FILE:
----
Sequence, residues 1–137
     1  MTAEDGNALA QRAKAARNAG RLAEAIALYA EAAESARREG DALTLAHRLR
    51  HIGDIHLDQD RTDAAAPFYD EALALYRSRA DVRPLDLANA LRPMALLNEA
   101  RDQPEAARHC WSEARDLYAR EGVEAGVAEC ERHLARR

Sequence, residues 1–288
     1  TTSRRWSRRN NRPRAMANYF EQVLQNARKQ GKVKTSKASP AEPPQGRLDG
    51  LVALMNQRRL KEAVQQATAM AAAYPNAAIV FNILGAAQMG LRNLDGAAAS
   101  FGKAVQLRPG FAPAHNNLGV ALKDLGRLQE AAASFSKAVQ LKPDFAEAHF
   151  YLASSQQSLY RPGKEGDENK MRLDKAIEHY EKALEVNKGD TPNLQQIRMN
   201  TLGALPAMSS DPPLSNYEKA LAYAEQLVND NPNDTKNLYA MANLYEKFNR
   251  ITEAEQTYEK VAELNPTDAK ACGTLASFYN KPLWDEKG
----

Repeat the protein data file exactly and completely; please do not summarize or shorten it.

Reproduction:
Sequence, residues 1–137
     1  MTAEDGNALA QRAKAARNAG RLAEAIALYA EAAESARREG DALTLAHRLR
    51  HIGDIHLDQD RTDAAAPFYD EALALYRSRA DVRPLDLANA LRPMALLNEA
   101  RDQPEAARHC WSEARDLYAR EGVEAGVAEC ERHLARR

Sequence, residues 1–288
     1  TTSRRWSRRN NRPRAMANYF EQVLQNARKQ GKVKTSKASP AEPPQGRLDG
    51  LVALMNQRRL KEAVQQATAM AAAYPNAAIV FNILGAAQMG LRNLDGAAAS
   101  FGKAVQLRPG FAPAHNNLGV ALKDLGRLQE AAASFSKAVQ LKPDFAEAHF
   151  YLASSQQSLY RPGKEGDENK MRLDKAIEHY EKALEVNKGD TPNLQQIRMN
   201  TLGALPAMSS DPPLSNYEKA LAYAEQLVND NPNDTKNLYA MANLYEKFNR
   251  ITEAEQTYEK VAELNPTDAK ACGTLASFYN KPLWDEKG